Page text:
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Clinical and hemodynamic criteria for use of the intra-aortic balloon pump in patients requiring cardiac surgery.

  • Bolooki, H
  • Williams, W
  • Thurer, R J
  • Vargas, A
  • Kaiser, G A
  • Mack, F
  • Ghahramani, A R
Published Article
Journal of Thoracic and Cardiovascular Surgery
American Association for Thoracic Surgery
Publication Date
Nov 01, 1976
PMID: 979316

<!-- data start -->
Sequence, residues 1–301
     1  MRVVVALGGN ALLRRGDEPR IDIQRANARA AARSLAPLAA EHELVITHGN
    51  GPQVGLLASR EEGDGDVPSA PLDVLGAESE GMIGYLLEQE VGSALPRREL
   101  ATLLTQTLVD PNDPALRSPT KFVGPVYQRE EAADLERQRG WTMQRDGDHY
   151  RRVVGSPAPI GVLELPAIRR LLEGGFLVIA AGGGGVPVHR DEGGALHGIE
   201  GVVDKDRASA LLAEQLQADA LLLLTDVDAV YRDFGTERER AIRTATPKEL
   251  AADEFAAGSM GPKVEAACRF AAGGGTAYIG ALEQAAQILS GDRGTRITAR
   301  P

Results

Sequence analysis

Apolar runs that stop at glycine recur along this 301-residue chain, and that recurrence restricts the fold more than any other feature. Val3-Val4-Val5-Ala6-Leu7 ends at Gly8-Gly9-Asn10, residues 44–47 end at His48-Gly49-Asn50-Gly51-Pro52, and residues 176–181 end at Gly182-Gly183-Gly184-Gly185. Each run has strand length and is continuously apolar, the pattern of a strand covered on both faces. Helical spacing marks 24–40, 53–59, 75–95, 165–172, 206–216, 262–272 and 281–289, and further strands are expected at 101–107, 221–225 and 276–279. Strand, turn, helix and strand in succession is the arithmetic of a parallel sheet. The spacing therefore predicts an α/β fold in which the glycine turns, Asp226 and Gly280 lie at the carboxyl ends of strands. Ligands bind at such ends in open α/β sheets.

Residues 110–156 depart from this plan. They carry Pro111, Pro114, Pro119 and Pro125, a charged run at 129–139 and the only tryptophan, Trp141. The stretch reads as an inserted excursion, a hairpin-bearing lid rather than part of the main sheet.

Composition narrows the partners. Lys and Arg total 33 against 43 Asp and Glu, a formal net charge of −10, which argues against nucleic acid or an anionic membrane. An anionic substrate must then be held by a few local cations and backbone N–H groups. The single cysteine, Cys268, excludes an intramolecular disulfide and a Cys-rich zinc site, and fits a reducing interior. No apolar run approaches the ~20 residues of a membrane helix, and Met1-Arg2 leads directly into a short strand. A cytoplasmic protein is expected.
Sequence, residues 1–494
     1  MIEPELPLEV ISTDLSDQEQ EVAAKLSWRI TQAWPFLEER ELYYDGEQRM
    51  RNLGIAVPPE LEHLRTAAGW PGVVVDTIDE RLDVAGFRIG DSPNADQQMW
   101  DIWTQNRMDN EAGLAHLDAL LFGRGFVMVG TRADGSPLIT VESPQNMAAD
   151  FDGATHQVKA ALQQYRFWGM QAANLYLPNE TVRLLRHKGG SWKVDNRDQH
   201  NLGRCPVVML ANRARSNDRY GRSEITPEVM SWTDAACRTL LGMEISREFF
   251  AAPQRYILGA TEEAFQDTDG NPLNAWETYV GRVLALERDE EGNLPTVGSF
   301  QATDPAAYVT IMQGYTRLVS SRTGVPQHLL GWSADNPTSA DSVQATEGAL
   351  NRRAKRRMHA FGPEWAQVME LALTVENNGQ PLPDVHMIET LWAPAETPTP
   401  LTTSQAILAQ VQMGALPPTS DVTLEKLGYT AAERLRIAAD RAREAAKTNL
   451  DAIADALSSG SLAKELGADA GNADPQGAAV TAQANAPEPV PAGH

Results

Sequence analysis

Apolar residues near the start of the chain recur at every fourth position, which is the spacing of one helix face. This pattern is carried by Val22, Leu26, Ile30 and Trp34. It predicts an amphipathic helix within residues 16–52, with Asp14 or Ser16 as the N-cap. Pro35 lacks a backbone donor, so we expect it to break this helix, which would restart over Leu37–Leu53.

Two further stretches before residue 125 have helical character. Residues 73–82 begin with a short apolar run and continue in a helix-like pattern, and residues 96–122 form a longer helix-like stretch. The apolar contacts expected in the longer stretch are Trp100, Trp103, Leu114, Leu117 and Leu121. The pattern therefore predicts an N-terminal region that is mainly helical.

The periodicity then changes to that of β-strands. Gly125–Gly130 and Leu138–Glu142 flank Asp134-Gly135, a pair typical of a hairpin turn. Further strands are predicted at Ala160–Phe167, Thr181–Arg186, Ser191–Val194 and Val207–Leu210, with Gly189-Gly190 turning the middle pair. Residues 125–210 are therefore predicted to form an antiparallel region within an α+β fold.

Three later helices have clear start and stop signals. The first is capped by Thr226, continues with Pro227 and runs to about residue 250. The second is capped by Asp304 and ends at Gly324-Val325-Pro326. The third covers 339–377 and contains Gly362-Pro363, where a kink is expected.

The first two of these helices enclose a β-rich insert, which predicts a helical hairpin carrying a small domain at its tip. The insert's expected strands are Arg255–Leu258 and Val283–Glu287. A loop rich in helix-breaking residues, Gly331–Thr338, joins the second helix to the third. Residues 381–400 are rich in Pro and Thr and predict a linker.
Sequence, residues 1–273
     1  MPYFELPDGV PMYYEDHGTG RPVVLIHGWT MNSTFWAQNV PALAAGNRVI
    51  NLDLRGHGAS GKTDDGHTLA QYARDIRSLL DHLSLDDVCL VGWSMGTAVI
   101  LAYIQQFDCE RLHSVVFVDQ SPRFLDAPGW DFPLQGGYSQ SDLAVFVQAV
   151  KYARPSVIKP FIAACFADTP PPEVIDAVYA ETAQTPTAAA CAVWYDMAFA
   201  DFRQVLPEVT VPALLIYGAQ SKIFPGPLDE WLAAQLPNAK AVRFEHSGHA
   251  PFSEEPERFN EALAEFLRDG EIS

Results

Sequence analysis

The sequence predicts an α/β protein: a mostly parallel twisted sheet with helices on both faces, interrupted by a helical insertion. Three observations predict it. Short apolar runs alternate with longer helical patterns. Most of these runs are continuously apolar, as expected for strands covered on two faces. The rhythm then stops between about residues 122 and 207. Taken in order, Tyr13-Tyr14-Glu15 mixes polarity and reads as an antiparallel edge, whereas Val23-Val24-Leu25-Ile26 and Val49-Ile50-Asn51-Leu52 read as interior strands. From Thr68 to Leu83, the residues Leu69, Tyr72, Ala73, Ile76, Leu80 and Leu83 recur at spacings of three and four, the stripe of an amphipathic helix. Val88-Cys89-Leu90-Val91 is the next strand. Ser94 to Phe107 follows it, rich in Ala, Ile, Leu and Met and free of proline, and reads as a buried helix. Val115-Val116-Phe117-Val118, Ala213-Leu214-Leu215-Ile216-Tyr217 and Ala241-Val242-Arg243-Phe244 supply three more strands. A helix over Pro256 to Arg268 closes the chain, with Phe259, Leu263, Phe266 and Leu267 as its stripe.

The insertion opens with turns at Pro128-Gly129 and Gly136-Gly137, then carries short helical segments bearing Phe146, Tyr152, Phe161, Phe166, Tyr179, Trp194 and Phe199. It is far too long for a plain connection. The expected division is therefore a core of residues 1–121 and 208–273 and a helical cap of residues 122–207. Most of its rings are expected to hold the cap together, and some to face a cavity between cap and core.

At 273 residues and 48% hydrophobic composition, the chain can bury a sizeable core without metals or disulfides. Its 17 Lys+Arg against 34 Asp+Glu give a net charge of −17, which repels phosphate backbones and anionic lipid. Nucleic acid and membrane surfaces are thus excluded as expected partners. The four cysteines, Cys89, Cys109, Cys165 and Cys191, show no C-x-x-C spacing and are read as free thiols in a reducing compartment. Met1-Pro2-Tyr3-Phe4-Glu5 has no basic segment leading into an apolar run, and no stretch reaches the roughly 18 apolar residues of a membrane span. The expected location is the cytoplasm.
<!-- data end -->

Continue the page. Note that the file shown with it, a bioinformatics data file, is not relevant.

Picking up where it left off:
In order to establish criteria for elective use of the intra-aortic balloon pump (IABP) in patients having cardiac surgery, we conducted a retrospective study of 43 patients who required counterpulsation, because of inability to be weaned from cardiopulmonary bypass, between May, 1972, and June, 1974. Patients in cardiogenic shock preoperatively were excluded. The 43 patients included 23 (Group A) who had severe preoperative left ventricular dysfunction with a mean cardiac index less than 1.8 L. per minute per square meter, ejection fraction less than 30 per cent, and end-diastolic pressure greater than 22 mm. Hg; 20 patients (Group B) had a combination of moderate cardiac dysfunction (cardiac index less than 2.2, ejection fraction less than 40, end-diastolic pressure less than 18) in the presence of acute infarction or severe aortic stenosis (gradient greater than 80 mm. Hg) with or without coronary disease. An inverse relationship was noted between survival and delay from completion of operation to the use of 1ABP. Thirty-two of 43 patients were weaned off bypass and were balloon assisted for 12 to 96 hours postoperatively; 25 patients were discharged (58 per cent). In Subgroup A, 14 of 23 (60 per cent) and, in Subgroup B, 9 of 20 (45 per cent) were long-term survivors. Based on these findings, 45 patients were operated upon between June, 1974, and December, 1975, with elective use of 1ABP and were assessed by serial hemodynamic studies. Sixteen had severe preoperative left ventricular dysfunction similar to Subgroup A and 29 had moderate dysfunction in combination with pathology similar to Subgroup B. Fifteen of these patients were hemodynamically unstable at time of arrival in the operating room; 1ABP was inserted under local anesthesia. Thirty-nine patients (87 per cent) were weaned off bypass and were hospital survivors. In Subgroup A, 13 of 16 (81 per cent) and, in Group B, 21 of 29 (72 per cent) were long-term survivors. Criteria for elective use of 1ABP in cardiac surgery should include severe preoperative left ventricular dysfunction or a combination of moderate dysfunction with coronary or valvular pathology. Elective 1ABP improves the survival with trivial iatrogenic morbidity.

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